Agent launches campaign calling for change at NAR
Allegations of sexual harassment at NAR, followed by "very emotional" calls from association employees, sparked a new initiative now gaining steam.
- New York agent Jason Haber on Wednesday announced the launch of The NAR Accountability Project.
- Haber said about 1,000 agents are already on board.
- The project began as a petition calling for NAR President Kenny Parcell to resign, which Parcell did on Monday.
A prominent New York real estate agent has kicked off a campaign calling for wholesale change at NAR.
Jason Haber said he felt called to action after reading about the Aug. 26 New York Times investigation into Parcell and allegations of sexual harassment and a "culture of fear" at the National Association of Realtors.
"I assumed I would be a voice in a choir calling for change at NAR, and instead I was singing solo," Haber said.
Sunday, after receiving some "very emotional" calls from current and former employees at NAR, Haber started a petition calling for Parcell's resignation. After Parcell resigned the next day, that effort began to evolve into a campaign to create change at NAR.
Haber on Wednesday announced the formation of the NAR Accountability Project, a grassroots nationwide movement to reform the nation's largest trade organization. More people are now joining the choir, with about 1,000 agents on board so far, he said.
"I've never been afraid to speak up when I see an injustice," said Haber, an author, entrepreneur and agent who brought his 10-plus years of experience to Compass in 2021.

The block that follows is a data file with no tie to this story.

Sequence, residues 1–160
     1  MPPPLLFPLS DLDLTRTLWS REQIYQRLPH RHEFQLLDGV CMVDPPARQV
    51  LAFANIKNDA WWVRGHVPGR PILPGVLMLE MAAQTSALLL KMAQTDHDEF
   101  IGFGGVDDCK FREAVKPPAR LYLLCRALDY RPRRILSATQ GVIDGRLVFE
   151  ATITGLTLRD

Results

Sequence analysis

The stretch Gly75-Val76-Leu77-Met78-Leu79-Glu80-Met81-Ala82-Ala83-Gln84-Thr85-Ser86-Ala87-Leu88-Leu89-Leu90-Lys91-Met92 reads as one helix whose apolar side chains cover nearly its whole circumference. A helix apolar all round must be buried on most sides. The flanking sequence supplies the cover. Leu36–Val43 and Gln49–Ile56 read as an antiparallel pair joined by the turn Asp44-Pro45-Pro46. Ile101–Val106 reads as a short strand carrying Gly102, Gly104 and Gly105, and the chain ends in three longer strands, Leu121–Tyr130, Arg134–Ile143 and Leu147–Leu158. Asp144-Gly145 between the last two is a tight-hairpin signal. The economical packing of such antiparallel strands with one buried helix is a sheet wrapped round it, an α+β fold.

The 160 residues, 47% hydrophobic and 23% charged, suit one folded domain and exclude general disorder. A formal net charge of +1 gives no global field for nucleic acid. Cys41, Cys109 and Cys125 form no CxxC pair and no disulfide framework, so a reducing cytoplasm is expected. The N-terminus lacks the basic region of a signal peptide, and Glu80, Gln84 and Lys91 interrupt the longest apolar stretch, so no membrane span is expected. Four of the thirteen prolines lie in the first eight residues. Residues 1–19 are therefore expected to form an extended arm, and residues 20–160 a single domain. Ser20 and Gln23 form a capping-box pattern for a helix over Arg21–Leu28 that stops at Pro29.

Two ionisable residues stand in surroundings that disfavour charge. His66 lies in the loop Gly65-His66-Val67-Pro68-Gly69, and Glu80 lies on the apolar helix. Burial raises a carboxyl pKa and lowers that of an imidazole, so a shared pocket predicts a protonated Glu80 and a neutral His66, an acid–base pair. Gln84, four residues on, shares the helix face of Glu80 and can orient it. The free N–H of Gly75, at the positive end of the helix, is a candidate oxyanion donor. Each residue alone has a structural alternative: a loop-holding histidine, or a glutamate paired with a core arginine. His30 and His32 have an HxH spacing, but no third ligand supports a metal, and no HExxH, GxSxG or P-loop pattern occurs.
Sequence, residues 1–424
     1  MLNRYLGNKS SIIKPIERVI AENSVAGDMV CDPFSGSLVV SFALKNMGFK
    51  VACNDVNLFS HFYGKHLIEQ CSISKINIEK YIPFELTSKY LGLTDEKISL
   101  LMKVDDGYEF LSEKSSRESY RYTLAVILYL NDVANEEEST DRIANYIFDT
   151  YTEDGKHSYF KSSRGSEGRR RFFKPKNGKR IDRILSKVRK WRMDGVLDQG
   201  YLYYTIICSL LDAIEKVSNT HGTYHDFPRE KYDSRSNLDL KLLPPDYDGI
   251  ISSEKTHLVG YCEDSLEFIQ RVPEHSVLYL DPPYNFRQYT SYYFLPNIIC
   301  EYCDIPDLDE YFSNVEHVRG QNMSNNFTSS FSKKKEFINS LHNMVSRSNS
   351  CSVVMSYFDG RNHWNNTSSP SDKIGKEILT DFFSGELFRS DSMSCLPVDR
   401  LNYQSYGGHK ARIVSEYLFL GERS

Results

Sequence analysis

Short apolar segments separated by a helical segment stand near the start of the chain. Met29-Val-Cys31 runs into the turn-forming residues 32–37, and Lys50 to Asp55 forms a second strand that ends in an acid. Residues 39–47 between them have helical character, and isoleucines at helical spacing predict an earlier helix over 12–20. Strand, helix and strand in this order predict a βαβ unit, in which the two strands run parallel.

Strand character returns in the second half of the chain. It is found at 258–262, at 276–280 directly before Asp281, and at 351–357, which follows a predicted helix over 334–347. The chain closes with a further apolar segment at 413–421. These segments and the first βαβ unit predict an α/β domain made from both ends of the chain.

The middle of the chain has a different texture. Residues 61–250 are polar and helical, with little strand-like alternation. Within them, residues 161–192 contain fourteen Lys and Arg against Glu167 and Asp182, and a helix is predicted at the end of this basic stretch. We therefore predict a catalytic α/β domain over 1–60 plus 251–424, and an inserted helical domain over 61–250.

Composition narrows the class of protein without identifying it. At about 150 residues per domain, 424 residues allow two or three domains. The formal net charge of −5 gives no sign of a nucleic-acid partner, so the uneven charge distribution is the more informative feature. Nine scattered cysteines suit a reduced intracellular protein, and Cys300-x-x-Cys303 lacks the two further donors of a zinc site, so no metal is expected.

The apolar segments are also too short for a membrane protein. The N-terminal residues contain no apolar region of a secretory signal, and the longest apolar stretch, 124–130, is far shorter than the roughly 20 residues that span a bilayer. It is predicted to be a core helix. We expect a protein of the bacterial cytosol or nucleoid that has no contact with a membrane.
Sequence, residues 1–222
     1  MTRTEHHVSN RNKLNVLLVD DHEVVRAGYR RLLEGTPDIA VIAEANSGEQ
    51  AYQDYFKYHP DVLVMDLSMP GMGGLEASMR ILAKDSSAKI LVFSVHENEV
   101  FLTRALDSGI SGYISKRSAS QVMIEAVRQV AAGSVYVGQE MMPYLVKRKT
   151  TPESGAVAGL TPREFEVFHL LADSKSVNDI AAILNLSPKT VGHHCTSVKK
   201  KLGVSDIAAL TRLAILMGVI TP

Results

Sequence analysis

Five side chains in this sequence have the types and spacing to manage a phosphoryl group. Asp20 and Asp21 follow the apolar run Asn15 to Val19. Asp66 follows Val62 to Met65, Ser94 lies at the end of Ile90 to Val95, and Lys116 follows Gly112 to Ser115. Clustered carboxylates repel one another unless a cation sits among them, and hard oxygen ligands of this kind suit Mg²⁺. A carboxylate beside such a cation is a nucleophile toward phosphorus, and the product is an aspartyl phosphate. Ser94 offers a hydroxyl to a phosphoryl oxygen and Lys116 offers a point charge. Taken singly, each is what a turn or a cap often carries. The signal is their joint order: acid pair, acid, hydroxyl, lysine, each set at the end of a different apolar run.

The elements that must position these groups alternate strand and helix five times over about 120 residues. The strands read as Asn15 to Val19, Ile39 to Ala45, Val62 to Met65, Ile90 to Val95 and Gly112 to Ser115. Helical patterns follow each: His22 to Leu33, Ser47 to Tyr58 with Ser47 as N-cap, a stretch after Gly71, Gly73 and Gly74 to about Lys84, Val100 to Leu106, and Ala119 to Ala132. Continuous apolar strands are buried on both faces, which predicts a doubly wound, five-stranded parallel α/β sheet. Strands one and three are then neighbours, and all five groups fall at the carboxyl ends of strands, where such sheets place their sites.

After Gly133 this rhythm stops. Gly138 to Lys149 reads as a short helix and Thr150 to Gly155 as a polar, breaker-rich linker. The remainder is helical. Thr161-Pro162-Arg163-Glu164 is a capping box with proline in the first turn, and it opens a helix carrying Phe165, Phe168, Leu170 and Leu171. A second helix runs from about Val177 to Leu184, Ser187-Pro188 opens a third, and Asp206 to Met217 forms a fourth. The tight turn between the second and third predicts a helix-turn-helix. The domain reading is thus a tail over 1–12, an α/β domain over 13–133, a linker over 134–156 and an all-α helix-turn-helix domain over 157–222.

Haber said some of the women he'd heard from had signed an NDA, or still work at NAR and didn't feel like they were in a position to change the "toxic culture."
The NAR Accountability Project is calling for women to be released from NDAs that are not related to trade secrets. "The time for silence is over," Haber stated on X (formerly known as Twitter). "Allow women to speak their truth."
Parcell has denied wrongdoing. NAR CEO Bob Goldberg said the organization fully investigates every claim brought to them, and that the allegations reported by The Times were "either validated, and we took action; or not violations of the law or our Code of Conduct … or not true."
The NAR Accountability Project is now calling for Goldberg's resignation and for a new leadership team.
Haber said he has never met Parcell or Goldberg, and only recently became a member of NAR after starting to work in Florida. But even as a member of the Real Estate Board of New York (REBNY), he was familiar with NAR's role as "an important advocate for the industry" and its scale, with more than 1.5 million members.
All this, to him, raises the stakes.
"We have a lot of important issues facing the real estate community nationwide, and … a cloud over the organization," Haber said.
Haber said he is not seeking a role for himself and would like others to join the push for change. "I hope that the boards and brokerages will join me and be on the right side of history," Haber said.
"I'm an unlikely candidate to sort of lead this effort. But maybe it has to come from the outside."